Swiss Wine Regions

The Föhn

Schiltorn, SwitzerlandA Föhn is a weather phenomenon that influences the climate throughout Europe and in Switzerland makes it possible to grow grape varieties in regions that would otherwise be inhospitable.

The Föhn is a dry wind that blows down the leeward slopes of mountains. The word Föhn is a generic German term originally just applied to winds in the European Alps, but Föhn is now used for all similar winds such as the Chinook in the U.S. Rockies.

A Föhn can last less than an hour or for several days, and is reputed to cause headaches and make people act odder that usual. This is called "Föhnkrankheit" (Föhn-sickness). Causation is as yet unconfirmed. However, a study at the Ludwig-Maximilians-Universität München has found suicide and accident rates increased by 10 percent during Föhn periods in Central Europe.

The Föhn is caused when moist air flows up the windward side of a mountain. As it gains altitude the air pressure decreases, the temperature lowers, clouds form, and finally it rains. It reaches its lowest temperature as it crests the peak.

On the leeward side of the mountain the now dry wind drops and warms as it compresses because of the increasing air pressure. The temperature can be significantly higher than at the same altitude on the other side of the mountain, and the change can be dramatic: the Föhn can raise temperatures by as much as 30C (54F) in just hours. Central Europe's climate is warmer, thanks to the effects of the Föhn.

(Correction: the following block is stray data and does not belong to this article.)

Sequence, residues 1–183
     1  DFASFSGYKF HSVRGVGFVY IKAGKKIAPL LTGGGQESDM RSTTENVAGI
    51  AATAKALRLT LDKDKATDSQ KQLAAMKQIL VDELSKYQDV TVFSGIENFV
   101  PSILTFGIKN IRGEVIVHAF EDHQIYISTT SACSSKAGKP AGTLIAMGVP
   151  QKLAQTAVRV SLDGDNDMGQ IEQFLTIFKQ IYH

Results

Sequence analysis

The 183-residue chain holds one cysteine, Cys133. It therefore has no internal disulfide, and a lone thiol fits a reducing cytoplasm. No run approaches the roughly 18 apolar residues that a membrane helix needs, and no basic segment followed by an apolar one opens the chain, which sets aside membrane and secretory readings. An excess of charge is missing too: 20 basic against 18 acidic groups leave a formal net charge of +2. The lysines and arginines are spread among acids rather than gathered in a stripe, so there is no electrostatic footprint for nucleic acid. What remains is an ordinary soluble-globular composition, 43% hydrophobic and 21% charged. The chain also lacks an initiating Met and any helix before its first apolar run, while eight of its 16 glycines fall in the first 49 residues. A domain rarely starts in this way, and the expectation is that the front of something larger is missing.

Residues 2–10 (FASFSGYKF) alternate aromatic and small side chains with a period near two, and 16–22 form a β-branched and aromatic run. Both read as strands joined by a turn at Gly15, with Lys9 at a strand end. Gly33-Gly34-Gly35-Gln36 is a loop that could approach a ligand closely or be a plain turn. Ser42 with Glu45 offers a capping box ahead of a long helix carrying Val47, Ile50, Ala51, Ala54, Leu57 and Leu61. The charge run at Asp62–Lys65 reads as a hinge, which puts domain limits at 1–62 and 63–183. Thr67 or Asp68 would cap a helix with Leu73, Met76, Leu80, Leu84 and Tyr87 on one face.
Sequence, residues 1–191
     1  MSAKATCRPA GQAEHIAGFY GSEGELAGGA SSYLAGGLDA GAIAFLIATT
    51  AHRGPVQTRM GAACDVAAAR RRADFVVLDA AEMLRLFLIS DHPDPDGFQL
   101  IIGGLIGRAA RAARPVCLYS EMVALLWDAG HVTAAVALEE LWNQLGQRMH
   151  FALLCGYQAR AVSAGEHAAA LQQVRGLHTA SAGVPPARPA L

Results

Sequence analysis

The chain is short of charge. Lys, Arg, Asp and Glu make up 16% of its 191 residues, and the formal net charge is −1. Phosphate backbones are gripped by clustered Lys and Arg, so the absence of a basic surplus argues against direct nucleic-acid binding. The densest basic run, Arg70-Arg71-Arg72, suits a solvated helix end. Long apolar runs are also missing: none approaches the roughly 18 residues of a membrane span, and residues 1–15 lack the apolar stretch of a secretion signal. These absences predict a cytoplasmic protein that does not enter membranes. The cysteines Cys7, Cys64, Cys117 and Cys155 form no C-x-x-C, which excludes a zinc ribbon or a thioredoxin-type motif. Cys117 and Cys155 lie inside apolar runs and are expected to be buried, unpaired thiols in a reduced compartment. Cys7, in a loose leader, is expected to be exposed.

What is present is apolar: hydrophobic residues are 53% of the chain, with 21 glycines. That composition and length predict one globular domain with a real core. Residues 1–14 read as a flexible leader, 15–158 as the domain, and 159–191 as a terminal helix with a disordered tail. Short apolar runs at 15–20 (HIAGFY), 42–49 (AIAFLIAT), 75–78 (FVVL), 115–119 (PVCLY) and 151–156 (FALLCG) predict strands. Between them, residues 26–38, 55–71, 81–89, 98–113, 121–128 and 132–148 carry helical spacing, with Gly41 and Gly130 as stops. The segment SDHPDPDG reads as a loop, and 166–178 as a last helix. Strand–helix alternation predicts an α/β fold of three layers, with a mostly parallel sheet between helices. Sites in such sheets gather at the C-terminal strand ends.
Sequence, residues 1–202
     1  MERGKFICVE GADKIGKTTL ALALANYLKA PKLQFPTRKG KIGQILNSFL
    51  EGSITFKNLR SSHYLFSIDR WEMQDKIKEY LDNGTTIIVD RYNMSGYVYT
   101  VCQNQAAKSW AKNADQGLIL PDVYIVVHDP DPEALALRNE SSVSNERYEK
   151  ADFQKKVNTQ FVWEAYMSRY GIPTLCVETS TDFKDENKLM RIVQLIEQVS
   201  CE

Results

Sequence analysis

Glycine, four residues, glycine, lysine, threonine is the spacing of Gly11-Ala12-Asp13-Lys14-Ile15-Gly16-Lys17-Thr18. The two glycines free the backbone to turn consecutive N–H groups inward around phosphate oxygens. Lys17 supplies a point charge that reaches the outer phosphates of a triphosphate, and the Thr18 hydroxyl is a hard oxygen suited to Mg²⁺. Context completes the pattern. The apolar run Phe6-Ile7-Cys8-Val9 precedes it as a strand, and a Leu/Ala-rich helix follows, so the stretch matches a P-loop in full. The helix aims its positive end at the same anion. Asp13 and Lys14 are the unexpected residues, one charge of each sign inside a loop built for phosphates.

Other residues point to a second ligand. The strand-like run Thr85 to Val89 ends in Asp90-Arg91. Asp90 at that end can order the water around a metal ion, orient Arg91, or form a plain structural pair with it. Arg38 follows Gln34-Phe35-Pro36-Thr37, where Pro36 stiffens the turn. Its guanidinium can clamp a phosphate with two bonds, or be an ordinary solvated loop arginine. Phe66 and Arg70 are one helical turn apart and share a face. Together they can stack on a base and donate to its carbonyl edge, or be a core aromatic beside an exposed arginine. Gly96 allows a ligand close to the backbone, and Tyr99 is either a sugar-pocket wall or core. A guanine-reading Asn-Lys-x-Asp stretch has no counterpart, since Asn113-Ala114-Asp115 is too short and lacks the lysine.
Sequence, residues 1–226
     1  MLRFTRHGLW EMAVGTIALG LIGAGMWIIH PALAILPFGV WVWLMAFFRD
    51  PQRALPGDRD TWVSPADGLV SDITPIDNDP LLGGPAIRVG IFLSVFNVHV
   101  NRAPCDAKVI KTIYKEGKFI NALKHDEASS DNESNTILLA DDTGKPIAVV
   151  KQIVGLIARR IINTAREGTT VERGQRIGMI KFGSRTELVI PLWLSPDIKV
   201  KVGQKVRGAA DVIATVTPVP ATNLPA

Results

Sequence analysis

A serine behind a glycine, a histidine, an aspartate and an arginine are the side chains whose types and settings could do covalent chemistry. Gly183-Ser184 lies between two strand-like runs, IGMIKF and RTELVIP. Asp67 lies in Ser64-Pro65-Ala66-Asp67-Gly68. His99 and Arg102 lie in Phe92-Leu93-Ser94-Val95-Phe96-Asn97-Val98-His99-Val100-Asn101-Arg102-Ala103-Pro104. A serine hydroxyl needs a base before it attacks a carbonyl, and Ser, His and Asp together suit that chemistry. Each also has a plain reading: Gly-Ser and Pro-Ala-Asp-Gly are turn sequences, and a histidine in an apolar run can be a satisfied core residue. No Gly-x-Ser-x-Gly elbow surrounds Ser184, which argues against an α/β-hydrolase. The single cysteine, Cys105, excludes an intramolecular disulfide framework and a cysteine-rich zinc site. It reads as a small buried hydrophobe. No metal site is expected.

The Wine Grapes of Switzerland

Rèze

Rèze is an extremely rare white variety found only in Valais. Not often produced as a varietal, Rèze is blended with other Vieux Plants of Valais. Rèze was also used to make the historic “vin des glaciers”, an amber colored wine produced in Val d’Anniviers using the solera technique.

No longer done today, one method in the past was to store Rèze in larch wood barrels, which gave the wine resinous flavor similar to the Greek Retsina, and masking some grape flavor.

Kerner

Named after local poet and physician, Justinus Kerner, the Kerner grape was hybridized in 1929 in Lauffen in the Württemberg region. A hybrid of the white Riesling and the red Trollinger (Schiava grossa), it resembles the Riesling in character. It is being vinified in limited quantities in Valais, but its future in Valais dosen’t look too bright. It continues to do well in Germany, and on a smaller basis in Austria and Italy.

Marsanne Blanche

Originally from the steep slopes of the Côtes-du-Rhône, the Marsanne blanche grape found its way up the Rhone to Valais in Switzerland, and is known here under the name of Ermitage (or Hermitage).

Go thy way, eat thy bread with joy, and drink thy wine with a merry heart.

Ecclesiastes

Swiss Alps, cows, wine bottle and large clock face in Bern, Switzerland

Fine Swiss Wine

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